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Hikikomori: the vicious circle of loneliness



One of the main risk factors, when it comes to hikikomori, is the progressive estrangement of the boy or girl from their group of peers. Often friends, even long-time ones, get rejected in a seemingly unjustified way.

This can be considered as the last step of the hikikomori, the major one and the one from which it is more difficult to get back. Because loneliness begets loneliness, in a vicious circle that slowly leads to chronicity.

A recent study conducted in Belgium and involving 730 adolescents supports that. Supporting this thesis is a recent study conducted in Belgium involving 730 adolescents. Two different scenarios were presented to participants:

- Social inclusion scenario: "A new sandwich shop is opening downtown. Some of your classmates are going there for lunch and have asked if you would like to join them."

Social exclusion scenario: "You see a picture on Facebook of a class birthday that you weren't invited to."

Participants who were previously classified as "more lonely" experienced the situation of social exclusionworstthan others (showing high levels of anger, disappointment and jealousy), attributing this exclusion to their own personal characteristics (appearance, character, etc.).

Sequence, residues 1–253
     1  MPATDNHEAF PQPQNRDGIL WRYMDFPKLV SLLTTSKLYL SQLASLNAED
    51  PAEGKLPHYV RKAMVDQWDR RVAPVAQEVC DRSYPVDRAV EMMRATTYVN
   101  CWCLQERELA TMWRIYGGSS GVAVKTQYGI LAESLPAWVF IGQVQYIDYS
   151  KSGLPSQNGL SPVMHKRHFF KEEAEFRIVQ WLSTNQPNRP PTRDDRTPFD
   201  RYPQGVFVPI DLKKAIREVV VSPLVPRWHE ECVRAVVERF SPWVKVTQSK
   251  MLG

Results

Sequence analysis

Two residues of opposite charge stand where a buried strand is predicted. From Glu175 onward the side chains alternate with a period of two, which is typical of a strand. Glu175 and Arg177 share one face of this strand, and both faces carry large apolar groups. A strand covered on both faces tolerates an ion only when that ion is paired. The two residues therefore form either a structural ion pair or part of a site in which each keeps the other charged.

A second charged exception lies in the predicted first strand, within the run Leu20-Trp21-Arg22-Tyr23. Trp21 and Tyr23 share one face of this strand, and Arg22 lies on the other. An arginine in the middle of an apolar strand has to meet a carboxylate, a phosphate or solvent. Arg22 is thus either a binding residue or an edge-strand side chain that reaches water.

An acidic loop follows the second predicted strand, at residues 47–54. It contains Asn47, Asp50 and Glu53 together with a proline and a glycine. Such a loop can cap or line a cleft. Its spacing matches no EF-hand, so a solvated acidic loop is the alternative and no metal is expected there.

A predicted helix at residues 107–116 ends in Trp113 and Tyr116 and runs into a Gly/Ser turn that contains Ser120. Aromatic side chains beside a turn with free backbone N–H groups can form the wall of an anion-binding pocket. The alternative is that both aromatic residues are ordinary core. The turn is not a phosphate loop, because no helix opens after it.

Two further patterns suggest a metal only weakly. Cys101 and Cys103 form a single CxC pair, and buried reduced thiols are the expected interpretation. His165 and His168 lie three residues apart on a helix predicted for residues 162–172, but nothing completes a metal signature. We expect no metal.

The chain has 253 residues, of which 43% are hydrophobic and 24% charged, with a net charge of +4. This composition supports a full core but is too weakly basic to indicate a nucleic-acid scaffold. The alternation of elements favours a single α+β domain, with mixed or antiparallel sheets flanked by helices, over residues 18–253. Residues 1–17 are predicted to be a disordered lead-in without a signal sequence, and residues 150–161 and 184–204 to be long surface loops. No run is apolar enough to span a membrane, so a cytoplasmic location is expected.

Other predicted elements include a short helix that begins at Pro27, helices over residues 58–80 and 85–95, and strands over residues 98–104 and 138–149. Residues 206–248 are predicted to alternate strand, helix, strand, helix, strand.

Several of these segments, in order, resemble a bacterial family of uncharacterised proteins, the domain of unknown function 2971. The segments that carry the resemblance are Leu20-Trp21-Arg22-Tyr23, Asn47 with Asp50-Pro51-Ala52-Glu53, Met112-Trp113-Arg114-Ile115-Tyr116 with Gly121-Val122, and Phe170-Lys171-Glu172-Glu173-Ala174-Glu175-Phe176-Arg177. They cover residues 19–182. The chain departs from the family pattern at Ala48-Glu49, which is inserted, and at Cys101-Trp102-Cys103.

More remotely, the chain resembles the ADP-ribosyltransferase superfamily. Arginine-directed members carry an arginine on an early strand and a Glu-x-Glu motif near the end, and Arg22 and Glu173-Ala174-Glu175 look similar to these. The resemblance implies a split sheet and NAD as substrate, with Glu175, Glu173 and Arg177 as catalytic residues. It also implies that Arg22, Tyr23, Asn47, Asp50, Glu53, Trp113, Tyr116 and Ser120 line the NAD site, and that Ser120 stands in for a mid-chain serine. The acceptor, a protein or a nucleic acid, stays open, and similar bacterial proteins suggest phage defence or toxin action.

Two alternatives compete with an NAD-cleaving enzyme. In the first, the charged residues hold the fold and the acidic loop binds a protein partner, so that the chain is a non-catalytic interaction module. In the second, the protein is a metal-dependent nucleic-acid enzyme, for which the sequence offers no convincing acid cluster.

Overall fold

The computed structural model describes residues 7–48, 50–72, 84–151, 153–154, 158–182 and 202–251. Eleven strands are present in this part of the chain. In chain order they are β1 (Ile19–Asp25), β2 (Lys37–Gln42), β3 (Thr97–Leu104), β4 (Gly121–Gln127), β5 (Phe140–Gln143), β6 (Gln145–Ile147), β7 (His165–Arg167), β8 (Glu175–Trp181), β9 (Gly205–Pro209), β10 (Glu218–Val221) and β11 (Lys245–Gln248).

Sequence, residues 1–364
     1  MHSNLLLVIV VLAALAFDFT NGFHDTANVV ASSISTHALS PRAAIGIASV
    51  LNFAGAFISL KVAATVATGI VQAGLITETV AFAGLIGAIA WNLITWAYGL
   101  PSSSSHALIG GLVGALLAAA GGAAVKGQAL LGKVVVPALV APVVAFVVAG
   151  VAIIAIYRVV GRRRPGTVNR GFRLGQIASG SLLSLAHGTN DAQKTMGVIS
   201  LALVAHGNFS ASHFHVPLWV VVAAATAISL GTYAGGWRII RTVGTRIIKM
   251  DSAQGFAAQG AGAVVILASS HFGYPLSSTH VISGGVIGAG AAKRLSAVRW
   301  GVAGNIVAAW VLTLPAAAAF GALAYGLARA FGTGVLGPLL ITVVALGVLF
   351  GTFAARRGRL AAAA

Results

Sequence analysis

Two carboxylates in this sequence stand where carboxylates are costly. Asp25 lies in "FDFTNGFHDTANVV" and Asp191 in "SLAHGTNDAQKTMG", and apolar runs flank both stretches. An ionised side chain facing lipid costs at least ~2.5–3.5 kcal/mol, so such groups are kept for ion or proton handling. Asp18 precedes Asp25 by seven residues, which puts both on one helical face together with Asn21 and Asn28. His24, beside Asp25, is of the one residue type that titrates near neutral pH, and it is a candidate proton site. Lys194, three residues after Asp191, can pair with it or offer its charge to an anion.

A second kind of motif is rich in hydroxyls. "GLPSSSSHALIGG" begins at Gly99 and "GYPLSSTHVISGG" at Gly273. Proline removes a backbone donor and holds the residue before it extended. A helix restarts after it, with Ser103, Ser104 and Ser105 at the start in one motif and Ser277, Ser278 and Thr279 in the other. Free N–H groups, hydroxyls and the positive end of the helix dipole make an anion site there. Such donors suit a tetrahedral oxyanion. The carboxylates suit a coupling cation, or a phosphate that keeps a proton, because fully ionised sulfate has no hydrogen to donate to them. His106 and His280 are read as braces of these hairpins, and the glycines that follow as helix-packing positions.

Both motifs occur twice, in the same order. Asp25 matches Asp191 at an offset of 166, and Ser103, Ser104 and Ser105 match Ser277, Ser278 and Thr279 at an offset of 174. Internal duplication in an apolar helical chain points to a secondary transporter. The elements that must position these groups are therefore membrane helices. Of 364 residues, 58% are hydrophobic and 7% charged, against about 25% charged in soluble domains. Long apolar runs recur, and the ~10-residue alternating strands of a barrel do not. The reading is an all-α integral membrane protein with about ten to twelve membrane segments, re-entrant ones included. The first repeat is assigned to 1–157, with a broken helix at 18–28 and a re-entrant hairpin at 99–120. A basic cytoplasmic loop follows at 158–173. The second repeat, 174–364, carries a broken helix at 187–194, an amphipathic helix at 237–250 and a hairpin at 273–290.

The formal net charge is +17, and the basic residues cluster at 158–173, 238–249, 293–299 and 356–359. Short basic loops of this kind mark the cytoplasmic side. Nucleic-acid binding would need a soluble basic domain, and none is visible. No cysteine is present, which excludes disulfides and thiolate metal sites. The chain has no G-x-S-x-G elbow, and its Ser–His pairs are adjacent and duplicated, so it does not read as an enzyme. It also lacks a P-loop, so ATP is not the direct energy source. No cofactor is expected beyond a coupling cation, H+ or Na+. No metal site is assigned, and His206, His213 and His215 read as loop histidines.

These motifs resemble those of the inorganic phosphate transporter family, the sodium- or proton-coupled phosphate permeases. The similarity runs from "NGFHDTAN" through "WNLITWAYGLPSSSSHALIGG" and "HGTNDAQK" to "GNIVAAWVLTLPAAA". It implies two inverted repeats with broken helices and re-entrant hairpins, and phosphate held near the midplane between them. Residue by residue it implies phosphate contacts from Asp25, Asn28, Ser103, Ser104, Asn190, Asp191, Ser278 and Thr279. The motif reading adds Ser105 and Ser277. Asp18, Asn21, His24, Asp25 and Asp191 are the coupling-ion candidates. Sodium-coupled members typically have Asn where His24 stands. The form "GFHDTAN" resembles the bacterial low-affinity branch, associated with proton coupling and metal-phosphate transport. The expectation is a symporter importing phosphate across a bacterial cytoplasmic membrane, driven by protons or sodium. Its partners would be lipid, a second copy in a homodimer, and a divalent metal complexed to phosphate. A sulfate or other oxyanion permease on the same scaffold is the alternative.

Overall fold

Even more interesting, however, were the reactions of these young people in the situation of social inclusion (i.e.,when they had been invited by their friends). Well, even in this case the enthusiasm shown was very low, simply because the invitation was seen asdue to chance or somehow linked to hidden purposes.


Loneliness be gets loneliness

This seems to be a mental mechanism that is quite commonamong hikikomori, people who have a high opinion of themselves, but tend to develop a strong distrust of others (due to character traits, but also for having experienced negative situations, such as bullying).

Hence even when they get spontaneously and sincerely invited, they tend to interpret those invitations with suspicion, making thoughts like, "He just did it because he felt obliged, he doesn't really care if I come along," or "They just want to make fun of me."

In reference to this loneliness-reinforcing mechanism, Weeks Molly, co-author of the study and researcher in the Department of Psychology and Neuroscience at Duke University, says:

“These results show us that the loneliest adolescents seem to respond to social situations in a way that perpetuates their loneliness. Future research should investigate when and how temporary loneliness becomes chronic loneliness and understand how interventions can be undertaken in order to prevent this from happening.”

Her wish is ours too.

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